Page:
What happens when universal reason breaks down into fractured perspectivities? That was the question put by post-modernism, really. It was the question asked by Jean Gebser in his Ever-Present Origin when he diagnosed the malaise of modernity as the mental-rational structure of consciousness now entered into its deficient mode of functioning (deficient being another term for “decadent”). Ehrenfeld’s essay basically reiterates these same concerns. And the problem of nihilism today is intimately connected with this breakdown of confidence in reason to provide a secure modus for universality or integrality. When Gebser writes of the “urgency of attempts to discover a universal way of observing things, and [the need] to overcome the inner division of contemporary man who, as a result of his one-sided, rational orientation, thinks only in dualisms”, we might be justifiably perplexed. “Universal Reason” was supposed to be precisely this “universal way of observing things” with an eye to ultimately resolving all the the perplexity, doubt, uncertainty, and contradictions of human existence in a definitive Grand Unified Theory (which many thought was exactly what Isaac Newton had come up with and therefore called it “The Frame of the World”). Hence, Alexander Pope’s homage to Newton,

Nature and Nature’s laws lay hid in night:
God said, “Let Newton be!” and all was light.

This “Frame of the World” is indistinguishable, in fact, from the form of Universal Reason itself. Consquently, any breakdown in our confidence in Reason to certify truth (or “the facts of the matter” or “all that is the case”) or achieve authentic universality (that is, integrality) must inevitably be reflected in the architecture of our constructed reality that is this “Frame of the World”. Disorientation in time and space is the result (and for some this Frame of the World has come to resemble a House of Mirrors). This is why Gebser refers to “the urgency” of a new orientation and new “attempts to discover a universal way of observing things” in the face of the imminent disintegration (“deficient mode”) of the mental-rational structure of consciousness.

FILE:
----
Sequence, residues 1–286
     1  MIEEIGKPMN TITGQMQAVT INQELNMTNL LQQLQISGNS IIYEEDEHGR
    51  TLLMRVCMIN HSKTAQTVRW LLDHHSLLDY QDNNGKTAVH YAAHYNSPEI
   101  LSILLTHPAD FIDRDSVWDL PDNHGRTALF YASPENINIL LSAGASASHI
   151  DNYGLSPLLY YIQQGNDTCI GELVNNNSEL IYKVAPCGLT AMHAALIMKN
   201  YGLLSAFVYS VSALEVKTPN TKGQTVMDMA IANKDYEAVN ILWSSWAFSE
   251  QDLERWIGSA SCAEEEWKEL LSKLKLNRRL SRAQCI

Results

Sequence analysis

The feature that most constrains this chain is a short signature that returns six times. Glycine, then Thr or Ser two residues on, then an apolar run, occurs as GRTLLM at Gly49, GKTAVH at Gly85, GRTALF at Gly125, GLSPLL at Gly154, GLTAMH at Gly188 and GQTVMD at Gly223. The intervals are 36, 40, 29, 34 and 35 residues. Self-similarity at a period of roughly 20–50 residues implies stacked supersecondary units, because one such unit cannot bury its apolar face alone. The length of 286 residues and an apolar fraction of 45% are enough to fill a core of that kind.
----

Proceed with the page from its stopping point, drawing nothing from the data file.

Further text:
Needless to say, it has dawned on very few people that Universal Reason is actually in a crisis, and with it “reasonableness” per se (even though events of the day would seem to bear this out). This growing lack of confidence in Universal Reason to certify truth or existence (meaning and purpose) is reflected even in a lot of pop music, like The Police, Supertramp (The Logical Song), and Pink Floyd (The Wall. In fact, the Newtonian/Cartesian “Frame of the World” is now felt and perceived as “The Wall”)

We touched on the problem of the pressure and stress of time as it affects thinking earlier (“No Time to Think”) and of the self-immolation and self-destruction of reason. Ironically, one of the very principles of academia — perish or publish — contributes enormously to this self-annihilation and the problem of the “multiversity” (fracturing and disintegration of universality). Professors who are expected to publish are, at the same time, unable to even keep up with the flow of literature within their own specialities let alone that in other faculties or disciplines, yet are still expected to contribute even more to this incoherent flux. The unity of knowledge and consciousness is ruptured.